The MGA With An Attitude
MGA Guru Is GOING MOBILE - (January 1 - January 15, 2016)
Friday January 1, 2016
Up by mid morning, and out to the garage to check out Gene Gillam's additional rolling stock. This is his "other" MG TC (also with supercharger). It was originally configured for racing, never raced, but is tractable for street use.
The MGA Coupe has been a pet project for a while. It has air conditioning, a "high capacity" radiator, and electric fan. It had overheating issues for a long time before he discovered the ignition timing was severely retarded. With proper timing it runs much better, but hasn't had a good hot weather workout yet. It also has inner fender louvered panels (ala MGA Twin Cam), which he says drops the coolant temperature about 10dF. Also note the home-brewed wire mesh grill.
Gene also has this very nice all aluminum box trailer built by Montrose Trailers. It has 18-foot bed and opening hatches on four sides (easy access to tie-downs and car doors), and it weighs only 1800-pounds empty. This will be the subject of another article in the Trailers secton of my web site. It leaks a bit around the top of the front hatch door, but that should be fixable.
I spent some time on WiFi catching up email and BBS. This was followed by some work on the new Links web pages for MG Shops in North America (which is off to a good start). Then we traveled east some late at night 120 miles east out of Mississippi, through Alabama, landing just into the Florida panhandle in the wee hours of the morning.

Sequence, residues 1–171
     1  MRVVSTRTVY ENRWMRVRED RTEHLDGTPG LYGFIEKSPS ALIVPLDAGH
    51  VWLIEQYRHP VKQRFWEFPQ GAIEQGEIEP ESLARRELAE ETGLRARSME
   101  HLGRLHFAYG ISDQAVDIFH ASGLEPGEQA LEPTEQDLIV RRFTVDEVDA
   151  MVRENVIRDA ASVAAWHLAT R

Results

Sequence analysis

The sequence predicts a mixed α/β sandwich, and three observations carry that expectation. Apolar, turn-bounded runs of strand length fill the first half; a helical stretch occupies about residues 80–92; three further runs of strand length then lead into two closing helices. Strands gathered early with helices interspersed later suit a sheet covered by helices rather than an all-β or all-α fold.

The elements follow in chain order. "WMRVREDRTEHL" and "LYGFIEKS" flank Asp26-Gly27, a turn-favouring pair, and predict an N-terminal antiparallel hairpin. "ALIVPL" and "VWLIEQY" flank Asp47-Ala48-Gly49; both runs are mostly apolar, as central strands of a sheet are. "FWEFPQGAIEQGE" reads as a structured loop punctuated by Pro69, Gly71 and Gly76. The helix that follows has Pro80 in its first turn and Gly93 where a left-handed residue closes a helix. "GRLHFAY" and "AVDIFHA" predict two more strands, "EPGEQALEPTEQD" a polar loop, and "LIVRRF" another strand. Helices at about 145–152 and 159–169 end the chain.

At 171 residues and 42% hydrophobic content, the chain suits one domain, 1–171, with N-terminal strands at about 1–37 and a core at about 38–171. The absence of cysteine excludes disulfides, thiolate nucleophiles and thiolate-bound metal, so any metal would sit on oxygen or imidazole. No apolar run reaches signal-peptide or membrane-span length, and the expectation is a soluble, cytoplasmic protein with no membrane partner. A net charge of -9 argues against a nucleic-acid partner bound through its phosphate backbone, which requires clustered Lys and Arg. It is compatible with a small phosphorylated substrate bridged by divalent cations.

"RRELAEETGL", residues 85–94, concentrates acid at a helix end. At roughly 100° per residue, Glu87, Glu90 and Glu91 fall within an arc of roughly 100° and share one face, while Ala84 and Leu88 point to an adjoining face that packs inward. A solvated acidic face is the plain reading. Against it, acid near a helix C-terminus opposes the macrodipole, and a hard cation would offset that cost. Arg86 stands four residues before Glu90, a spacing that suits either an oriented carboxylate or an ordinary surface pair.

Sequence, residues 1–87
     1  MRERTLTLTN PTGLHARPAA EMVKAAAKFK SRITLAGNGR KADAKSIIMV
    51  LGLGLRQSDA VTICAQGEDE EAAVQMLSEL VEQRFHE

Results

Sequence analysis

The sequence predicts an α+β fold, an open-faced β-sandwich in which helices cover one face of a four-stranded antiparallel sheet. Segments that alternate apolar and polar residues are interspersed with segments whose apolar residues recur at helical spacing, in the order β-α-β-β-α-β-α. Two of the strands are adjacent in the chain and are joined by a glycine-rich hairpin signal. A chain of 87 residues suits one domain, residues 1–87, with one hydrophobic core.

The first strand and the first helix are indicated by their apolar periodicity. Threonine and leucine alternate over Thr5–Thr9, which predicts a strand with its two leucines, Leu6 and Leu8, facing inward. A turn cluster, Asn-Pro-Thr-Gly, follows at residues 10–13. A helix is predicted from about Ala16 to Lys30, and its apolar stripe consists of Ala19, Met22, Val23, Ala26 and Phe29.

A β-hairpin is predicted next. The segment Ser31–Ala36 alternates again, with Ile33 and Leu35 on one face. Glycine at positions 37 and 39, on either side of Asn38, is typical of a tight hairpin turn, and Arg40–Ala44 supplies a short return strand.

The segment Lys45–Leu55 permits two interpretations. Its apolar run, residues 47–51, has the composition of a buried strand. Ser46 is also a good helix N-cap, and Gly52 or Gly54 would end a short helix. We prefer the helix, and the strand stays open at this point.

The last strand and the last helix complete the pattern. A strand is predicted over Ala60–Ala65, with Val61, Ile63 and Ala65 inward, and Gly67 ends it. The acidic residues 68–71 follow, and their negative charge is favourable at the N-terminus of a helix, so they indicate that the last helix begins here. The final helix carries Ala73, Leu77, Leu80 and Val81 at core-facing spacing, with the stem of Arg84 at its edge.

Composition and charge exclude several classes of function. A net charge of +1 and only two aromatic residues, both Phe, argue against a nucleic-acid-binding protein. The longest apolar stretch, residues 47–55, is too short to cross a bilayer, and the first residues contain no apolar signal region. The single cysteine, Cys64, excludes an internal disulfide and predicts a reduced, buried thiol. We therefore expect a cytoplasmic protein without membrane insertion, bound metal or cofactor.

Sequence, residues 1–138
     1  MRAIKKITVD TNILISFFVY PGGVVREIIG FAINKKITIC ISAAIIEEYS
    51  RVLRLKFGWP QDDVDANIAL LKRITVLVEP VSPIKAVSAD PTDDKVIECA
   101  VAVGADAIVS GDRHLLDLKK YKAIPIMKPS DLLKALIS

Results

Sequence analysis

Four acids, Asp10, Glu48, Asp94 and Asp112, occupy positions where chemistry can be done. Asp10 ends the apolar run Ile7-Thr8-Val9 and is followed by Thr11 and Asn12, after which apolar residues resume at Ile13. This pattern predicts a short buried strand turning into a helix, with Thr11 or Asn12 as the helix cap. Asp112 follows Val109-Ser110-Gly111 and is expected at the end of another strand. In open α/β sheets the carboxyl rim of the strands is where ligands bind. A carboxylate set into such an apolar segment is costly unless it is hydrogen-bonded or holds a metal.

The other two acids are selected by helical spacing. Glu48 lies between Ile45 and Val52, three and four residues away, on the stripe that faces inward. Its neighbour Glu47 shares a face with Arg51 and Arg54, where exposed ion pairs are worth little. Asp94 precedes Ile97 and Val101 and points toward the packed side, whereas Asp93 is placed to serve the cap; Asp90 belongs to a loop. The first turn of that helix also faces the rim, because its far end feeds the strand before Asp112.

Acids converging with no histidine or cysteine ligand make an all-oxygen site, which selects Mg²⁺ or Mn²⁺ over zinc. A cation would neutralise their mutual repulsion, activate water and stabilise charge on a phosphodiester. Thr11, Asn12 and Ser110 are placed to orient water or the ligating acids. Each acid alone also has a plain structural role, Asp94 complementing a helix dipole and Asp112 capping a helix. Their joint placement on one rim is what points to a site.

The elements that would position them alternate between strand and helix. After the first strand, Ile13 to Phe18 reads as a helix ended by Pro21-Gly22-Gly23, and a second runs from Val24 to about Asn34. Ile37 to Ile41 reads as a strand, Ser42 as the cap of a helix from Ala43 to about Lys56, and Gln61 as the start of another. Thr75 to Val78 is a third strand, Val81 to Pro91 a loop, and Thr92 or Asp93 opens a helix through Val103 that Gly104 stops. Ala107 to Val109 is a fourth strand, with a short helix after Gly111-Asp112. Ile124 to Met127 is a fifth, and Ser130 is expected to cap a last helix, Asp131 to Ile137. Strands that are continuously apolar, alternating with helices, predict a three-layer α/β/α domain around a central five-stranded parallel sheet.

Saturday January 2, 2016
Another 100 miles east we stopped in Freeport, Florida early afternoon to visit Dean Bowman. He has two MGB, a '67 and a '72, both very nice. Story is that one was cheap and the other was free, but both had to be painted and re-trimmed. In the shed he has two MGB hardtops (needing repaint and re-trimming), a spare gearbox and a few more spare parts. All in all he is in great shape with two running MGs, a Porsche Boxter he bought new in the mid 90's, a utilitarian pickup truck, and not much to worry about (no big projects pending). We had a nice lunch together accompanied by plenty of MG chat.
Then we found a WiFI spot in Santa Rosa Beach, FL to catch up with the world again, and took the rest of the day to post more MG Shops on the new links list. This included all (recent) recommendations from the BBS and from incoming email. Finishing just at closing time (11-pm) we headed east another 165 miles, landing in Perry, FL at 2-am. Well, actually it was 3-am due to change of time zone. Would you believe we connected to WiFi again until crashing a 4-am (duh?). No rest for the guru.